It was arguably the greatest 50-over performance in cricket, ever, across genders. Not only did 17-year-old Amelia Kerr smash the highest score in women’s one-day international history against Ireland on Wednesday, she also returned a five-for with her leg-spin as New Zealand pulled off their third straight win by over 300 runs in the series.
It was back in December 1997, in Mumbai, during the ICC Women’s World Cup that Belinda Clark, the champion Australian batter, scored 229* against Denmark. Just over two decades on, Kerr hit 232* to get to the top of the list. It was only the second double-century in women’s ODIs, and a special one too, studded with 31 fours and two sixes over 145 balls.
Highest scores in women's ODIs
|232*||Amelia Kerr||New Zealand v Ireland - Dublin, June 2018|
|229*||Belinda Clark||Australia v Denmark - Mumbai, December 1997|
|188||Deepti Sharma||India v Ireland - Potchefstroom, May 2017|
|178*||Chamari Athapaththu||Sri Lanka v Australia - Bristol, June 2017|
|173*||Charlotte Edwards||England v Ireland - Pune, December 1997|
Her partnership with Leigh Kasperek (113) was worth 295 runs, another highlight of the match as Ireland went down by 305 runs.
Kerr was asked afterwards if the performance had sunk in. “No, it’s pretty surreal. It was just nice to get the opportunity to open and get some time out in the middle,” she said. “I had to work hard at the start but once I got through (that period) then I got going and then had that good partnership with Leigh, which allowed me to play the way I wanted to play and hit boundaries, because we weren’t losing wickets.”
Kerr brought up her century off 77 balls, and then sped up, getting the rest of her runs in just 68 balls.
“I didn’t change much. I just wanted to keep batting, put the bad balls away. I was scoring off most balls then. I knew the Powerplay was coming, so I thought once we get to the Powerplay I’ll try and go hard then,” she said about her approach.
And no, she had no inkling of what she was in the process of achieving when she was out there.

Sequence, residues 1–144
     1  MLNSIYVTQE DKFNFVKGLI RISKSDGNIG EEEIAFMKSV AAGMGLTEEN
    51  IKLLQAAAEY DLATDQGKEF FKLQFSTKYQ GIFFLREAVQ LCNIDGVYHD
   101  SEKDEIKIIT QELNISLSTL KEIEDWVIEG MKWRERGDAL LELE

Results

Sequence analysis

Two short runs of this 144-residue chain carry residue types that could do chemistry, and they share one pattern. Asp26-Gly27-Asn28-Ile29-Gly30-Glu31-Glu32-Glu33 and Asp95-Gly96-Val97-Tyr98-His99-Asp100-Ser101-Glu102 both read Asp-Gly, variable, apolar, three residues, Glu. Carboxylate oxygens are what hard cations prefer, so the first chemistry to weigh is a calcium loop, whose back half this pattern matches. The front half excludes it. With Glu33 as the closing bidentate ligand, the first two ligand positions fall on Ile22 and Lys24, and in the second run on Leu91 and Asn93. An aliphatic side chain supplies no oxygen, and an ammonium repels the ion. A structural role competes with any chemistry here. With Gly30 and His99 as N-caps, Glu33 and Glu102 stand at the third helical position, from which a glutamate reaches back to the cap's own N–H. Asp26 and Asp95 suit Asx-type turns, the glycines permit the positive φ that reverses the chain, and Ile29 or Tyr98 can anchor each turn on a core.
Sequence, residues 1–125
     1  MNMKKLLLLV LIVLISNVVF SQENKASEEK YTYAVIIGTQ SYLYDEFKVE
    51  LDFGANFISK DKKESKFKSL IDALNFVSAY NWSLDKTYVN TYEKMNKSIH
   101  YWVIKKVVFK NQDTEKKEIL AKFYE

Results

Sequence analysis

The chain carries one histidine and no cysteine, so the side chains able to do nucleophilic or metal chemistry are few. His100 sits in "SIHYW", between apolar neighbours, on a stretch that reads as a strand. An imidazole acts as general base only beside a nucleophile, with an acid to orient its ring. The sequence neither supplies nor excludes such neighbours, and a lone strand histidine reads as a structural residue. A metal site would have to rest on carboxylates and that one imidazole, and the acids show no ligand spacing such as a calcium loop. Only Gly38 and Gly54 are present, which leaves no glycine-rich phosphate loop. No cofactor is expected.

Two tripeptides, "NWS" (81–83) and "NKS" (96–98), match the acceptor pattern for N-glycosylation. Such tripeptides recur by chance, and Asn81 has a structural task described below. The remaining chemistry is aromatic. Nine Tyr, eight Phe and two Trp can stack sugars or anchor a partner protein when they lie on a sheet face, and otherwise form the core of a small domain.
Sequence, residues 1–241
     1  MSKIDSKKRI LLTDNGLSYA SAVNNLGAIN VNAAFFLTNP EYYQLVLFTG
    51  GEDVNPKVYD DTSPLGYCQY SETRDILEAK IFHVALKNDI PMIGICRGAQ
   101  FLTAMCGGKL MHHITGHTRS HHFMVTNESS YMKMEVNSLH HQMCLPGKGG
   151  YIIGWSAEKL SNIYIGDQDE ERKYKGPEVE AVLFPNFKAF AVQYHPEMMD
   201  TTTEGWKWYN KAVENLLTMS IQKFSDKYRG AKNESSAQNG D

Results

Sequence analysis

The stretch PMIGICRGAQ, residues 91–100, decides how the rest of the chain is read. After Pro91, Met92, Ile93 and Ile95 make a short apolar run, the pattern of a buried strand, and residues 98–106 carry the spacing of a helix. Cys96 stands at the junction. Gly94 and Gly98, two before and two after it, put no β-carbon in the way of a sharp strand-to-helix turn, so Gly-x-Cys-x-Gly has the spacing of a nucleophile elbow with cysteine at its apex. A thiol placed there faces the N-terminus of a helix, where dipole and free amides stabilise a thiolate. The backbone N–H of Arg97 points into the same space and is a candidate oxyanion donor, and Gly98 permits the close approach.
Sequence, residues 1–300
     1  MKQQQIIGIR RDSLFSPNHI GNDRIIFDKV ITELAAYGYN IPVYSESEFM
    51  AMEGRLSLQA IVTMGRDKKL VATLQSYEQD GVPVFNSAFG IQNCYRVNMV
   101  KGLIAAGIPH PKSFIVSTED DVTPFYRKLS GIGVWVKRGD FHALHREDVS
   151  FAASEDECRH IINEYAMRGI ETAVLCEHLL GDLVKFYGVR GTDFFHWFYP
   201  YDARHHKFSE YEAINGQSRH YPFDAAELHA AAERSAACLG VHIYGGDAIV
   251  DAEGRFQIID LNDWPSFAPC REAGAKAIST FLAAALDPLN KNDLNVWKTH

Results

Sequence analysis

“No, I had no idea. I thought I heard them say stuff on the speaker but I didn’t hear them because everyone was clapping. I had no idea,” she said, adding, “I hadn’t heard of her (Clark), but I’d heard now from the girls … women.”
Interestingly, this was Kerr’s first century in international cricket in her 20th ODI appearance – she has also played nine Twenty20 Internationals – and her best in representative cricket prior to it was 152, scored against Otago Under-21.
"Pretty special ... My mind was clear - see ball hit ball ... I had no idea of the record ... I'll watch some quality TV tonight - Love Island!"— WHITE FERNS (@WHITE_FERNS) June 14, 2018
🎥 Amelia Kerr full of insights and banter post her World-Record 232* 👌#IREvNZ #NorthernTour pic.twitter.com/0A1Opr0cwp
“Incredible innings. For a 17-year-old to show such a range of shots plus also the concentration is just incredible. Breaking a 20-year record – outstanding; 232 and carrying your bat – unbelievable performance,” gushed Haidee Tiffen, the New Zealand coach.
“I’ve always known Amelia has tremendous potential with the bat. I genuinely believe she will be a top-class all-rounder for the team, and no doubt about it, she will be batting in the top order for the White Ferns in the future.
“Not only is she a talented bowler, which we saw first and foremost, but the fact that she has gone out and worked really hard at her batting and I know she is hungry to perform and contribute with the bat. Hugely talented player and at 17, she’s got the world ahead of her.”
It became as fantastic an all-round performance as it did because Kerr returned to pick up 5/17 too.
She had hoped she wouldn’t be asked to bowl, she said, and was expecting a bit of rest.
“That’s hard. After my innings, I had a little nap. And went out to field. A bit sore, but it was a good day, so just embraced it and it was good to be out there with the team,” she said.
“I didn’t think I was actually going to bowl today, they would just let me have a rest in the field, standing at slip all day. But I got to have a bowl, which was nice. The pitch was turning, which usually helps me.”